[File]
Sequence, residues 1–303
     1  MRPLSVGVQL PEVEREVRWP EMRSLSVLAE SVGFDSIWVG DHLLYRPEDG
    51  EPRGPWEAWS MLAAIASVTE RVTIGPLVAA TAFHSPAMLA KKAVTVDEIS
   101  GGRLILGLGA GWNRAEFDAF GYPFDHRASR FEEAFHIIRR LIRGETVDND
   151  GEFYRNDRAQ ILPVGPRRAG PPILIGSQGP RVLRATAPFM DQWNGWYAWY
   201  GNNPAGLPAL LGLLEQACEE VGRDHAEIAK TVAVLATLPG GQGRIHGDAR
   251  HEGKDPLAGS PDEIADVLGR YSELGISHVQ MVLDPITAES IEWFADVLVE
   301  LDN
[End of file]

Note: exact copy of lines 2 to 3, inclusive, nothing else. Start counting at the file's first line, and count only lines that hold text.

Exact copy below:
     1  MRPLSVGVQL PEVEREVRWP EMRSLSVLAE SVGFDSIWVG DHLLYRPEDG
    51  EPRGPWEAWS MLAAIASVTE RVTIGPLVAA TAFHSPAMLA KKAVTVDEIS